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‘There’s gotta be something better than this’: Challenging the role of big emotion in the transition from speech to song

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In musical theatre, the idea that a character sings because speech cannot capture the heightened emotion of a particular moment or situation is broadly accepted. As a director working regularly in training contexts, I see a fundamental problem with describing song as an expression of large emotions: it encourages students to play a generalized emotional state. I propose that emotion in musical theatre is complex, functioning differently whether dramaturgical, musicological or performative. I draw on scholarly critique of the form, practical approaches from guides to training, and reflect on practice-led research undertaken while directing postgraduate students at Mountview Academy of Theatre Arts in an abridged, in-house production of Sweet Charity (1966). Rather than adhering to the perception that singing in musical theatre is the outcome of big emotions, we found that focusing on the size of what’s at stake is a useful strategy for students. I suggest that if or when there is an emotional response to music, locating this response as an obstacle can provide something to actively play against and offer an alternative scale of ‘largeness’. Ultimately, however, I question the usefulness of approaching the transition from speech to song – in terms of scale, and advocate challenging such generalizations in musical theatre.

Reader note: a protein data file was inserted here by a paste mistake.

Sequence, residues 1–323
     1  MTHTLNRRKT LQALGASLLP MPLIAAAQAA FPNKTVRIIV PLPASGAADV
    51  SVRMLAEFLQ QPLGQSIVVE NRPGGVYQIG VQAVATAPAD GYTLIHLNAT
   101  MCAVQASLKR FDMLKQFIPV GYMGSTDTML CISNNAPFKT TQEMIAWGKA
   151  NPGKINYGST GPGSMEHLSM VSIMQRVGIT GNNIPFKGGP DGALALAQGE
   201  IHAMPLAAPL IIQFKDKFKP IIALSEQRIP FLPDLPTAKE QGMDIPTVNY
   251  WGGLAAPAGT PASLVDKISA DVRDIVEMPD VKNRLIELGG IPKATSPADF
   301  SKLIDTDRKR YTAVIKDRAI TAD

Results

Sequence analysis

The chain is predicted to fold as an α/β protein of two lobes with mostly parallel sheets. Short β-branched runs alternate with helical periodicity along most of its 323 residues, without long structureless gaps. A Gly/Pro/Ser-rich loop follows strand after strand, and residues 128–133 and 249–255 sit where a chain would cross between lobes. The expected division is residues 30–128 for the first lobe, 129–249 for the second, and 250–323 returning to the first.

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Keywords: acting through song; emotion as obstacle; emotional state; musical theatre; speech to song; stakes

Document Type: Research Article

Affiliations: Royal Central School of Speech and Drama

Publication date: March 1, 2016

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